If it’s Sunday, it must be Luxembourg! Today, we will be visiting the second of the countries on this itinerary that will be new to me. We tied Up in Piesport took a bus ride to the capital of Luxembourg, one of the world’s smallest nations. The country has only 500,000 people and measures only 999 square miles!
Like Brugge, Luxembourg is now a UNESCO World Heritage site. It was first ruled by the Romans, followed by Charlemagne, the Austrian Hapsburgs,Belgium and the Netherlands. Since 1443 the capital, Luxembourg City, has been occupied seven times. Although declared a neutral state in 1867, the country was invaded twice by the Germans (both World Wars). After liberation, Luxembourg ended its neutrality in 1949 and joined NATO and the European Union.
Today, Luxembourg is ruled by the Grand Duke, however, the government is a constitutional democracy. The Grand Duke signs all laws, but has no veto power. We were all quite surprised to hear that the prime minister has no security. His office was pointed out during our walking tour and we could have stepped right up and knocked on the door, if it had not been a Sunday (it was closed). Other than two security cameras, there is no security at all. The prime minister goes to restaurants on his own and is commonly seen during his lunch hour doing shopping in the local stores- completely alone!
Luxembourg is a very multicultural country; one in every four is a foreigner. And, citizens speak French, German, and Letzeburgesch, a German dialect. The government is conducted in French, the newspapers are in German, and the schools teach both languages, as well as their local dialect AND English. (And, Americans are lucky if they can just learn English correctly…)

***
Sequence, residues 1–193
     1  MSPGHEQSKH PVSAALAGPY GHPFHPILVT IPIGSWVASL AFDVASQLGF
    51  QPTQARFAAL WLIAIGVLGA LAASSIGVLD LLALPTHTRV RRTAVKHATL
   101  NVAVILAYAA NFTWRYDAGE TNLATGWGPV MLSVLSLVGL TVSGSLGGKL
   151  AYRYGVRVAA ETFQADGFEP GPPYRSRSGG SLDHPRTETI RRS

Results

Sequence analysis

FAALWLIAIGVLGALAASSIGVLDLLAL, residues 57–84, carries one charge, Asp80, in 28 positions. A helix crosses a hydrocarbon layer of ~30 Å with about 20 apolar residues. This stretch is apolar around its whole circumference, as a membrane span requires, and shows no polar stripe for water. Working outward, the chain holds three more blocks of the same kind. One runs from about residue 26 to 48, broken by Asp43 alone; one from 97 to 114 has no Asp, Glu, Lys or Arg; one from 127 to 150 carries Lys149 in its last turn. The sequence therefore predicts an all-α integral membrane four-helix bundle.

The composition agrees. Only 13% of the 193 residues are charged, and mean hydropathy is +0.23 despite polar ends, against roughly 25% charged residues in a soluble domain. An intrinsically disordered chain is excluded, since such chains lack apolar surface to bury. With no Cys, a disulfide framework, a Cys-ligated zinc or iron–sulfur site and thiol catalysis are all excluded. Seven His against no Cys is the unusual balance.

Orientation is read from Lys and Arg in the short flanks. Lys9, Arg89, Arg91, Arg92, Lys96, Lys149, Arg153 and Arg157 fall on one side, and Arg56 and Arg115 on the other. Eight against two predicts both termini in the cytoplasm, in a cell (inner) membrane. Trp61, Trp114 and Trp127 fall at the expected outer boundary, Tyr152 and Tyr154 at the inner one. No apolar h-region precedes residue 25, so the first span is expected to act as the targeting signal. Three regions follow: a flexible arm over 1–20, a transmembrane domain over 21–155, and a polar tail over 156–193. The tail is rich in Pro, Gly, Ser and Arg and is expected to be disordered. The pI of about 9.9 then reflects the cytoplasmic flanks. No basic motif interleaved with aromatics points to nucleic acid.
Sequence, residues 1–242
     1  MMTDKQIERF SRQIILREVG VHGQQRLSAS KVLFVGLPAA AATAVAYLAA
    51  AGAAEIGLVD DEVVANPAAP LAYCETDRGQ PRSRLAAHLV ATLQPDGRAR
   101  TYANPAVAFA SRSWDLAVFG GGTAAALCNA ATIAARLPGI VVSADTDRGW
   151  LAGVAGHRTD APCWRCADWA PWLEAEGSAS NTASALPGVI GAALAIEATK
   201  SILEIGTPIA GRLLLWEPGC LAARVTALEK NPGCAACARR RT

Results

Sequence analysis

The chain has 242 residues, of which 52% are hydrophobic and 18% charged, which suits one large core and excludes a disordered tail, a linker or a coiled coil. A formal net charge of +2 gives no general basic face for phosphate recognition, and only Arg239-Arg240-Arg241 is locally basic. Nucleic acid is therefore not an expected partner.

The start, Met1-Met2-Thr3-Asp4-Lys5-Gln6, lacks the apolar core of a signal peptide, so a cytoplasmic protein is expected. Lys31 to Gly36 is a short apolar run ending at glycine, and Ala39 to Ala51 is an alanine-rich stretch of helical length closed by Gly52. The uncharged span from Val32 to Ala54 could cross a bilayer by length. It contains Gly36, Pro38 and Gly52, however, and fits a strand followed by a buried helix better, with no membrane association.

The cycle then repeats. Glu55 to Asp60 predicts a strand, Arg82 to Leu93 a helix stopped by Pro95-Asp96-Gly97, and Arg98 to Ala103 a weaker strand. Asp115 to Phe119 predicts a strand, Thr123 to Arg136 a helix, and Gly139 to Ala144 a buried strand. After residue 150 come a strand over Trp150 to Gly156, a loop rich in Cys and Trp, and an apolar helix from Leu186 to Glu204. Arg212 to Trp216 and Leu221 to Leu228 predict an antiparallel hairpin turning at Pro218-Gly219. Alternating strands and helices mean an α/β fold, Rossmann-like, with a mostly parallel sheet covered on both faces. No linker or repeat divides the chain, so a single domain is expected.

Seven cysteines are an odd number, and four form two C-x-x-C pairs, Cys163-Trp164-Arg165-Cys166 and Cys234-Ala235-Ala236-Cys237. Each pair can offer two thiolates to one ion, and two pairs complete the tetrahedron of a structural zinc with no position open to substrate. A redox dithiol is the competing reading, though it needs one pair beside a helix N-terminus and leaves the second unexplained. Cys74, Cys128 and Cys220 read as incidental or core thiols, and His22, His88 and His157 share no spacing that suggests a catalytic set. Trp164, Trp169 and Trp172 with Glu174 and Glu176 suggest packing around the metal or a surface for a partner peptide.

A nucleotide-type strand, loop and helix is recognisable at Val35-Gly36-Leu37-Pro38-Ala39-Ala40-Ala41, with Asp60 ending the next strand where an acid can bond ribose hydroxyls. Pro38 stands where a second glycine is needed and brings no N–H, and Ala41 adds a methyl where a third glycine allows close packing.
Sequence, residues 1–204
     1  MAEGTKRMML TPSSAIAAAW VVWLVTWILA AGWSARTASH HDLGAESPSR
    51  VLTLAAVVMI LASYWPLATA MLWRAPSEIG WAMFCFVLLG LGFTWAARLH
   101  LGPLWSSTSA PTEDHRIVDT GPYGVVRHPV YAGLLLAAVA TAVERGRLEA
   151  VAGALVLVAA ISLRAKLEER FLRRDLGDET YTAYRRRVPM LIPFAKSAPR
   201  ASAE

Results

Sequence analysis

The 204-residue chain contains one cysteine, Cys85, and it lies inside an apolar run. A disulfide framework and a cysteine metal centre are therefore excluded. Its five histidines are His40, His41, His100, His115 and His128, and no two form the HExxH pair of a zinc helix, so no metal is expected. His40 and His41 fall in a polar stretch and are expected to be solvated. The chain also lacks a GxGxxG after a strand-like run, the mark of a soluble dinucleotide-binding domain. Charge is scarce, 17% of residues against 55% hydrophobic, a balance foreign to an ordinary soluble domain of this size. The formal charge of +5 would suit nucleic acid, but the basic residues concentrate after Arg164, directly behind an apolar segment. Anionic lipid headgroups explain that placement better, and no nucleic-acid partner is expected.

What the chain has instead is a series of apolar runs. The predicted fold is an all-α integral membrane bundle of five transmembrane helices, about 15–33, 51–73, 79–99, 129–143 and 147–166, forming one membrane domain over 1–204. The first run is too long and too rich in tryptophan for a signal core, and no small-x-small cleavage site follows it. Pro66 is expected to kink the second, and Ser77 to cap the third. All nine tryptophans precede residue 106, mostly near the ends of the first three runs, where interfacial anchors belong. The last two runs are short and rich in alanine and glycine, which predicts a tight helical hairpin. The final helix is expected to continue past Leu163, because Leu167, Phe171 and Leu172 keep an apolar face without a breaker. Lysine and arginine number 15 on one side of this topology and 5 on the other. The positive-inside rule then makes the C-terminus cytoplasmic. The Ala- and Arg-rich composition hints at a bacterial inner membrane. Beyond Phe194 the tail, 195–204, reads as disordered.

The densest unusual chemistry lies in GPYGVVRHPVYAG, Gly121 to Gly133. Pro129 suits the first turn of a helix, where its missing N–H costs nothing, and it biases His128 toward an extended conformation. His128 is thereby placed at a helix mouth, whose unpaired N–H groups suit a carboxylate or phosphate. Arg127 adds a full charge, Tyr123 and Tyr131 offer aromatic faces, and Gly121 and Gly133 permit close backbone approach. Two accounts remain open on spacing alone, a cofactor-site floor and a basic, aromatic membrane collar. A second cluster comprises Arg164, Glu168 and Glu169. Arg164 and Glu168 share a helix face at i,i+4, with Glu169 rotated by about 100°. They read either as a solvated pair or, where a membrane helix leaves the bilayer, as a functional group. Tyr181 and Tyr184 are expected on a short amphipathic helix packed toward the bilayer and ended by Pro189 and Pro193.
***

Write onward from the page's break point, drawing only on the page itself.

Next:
Luxembourg is also one of the most industrialized countries and a leading producer of steel. It also has the highest yearly income among nations.
Each day, 150,000 commuters arrive to the capitol city, from out of the country, to work; more than the 93,000 that live in the city.
One interesting fact to me is that filmmaking has become such a big industry here. In 1988, the government introduced a tax shelter scheme that cut costs of production up to 30%. The news spread that Luxembourg was one of the cheapest countries in the world in which to shoot a film.
Today, we walked the city with a local guide, then had time on our own to explore, before meeting the boat in Tier.
We made two stops after our walk around. Our first was at a café, to share a piece of chocolate torte- DELICIOUS! The second was unplanned; we were stopped by a couple of passengers from our boat to join them for a local beer. This turned out to be a fun and relaxing way to end our visit to Luxembourg!
I am SO going to Luxembourg someday! Interesting about being a cheap place to film. Move over, Vancouver, Toronto and Long Beach (California)!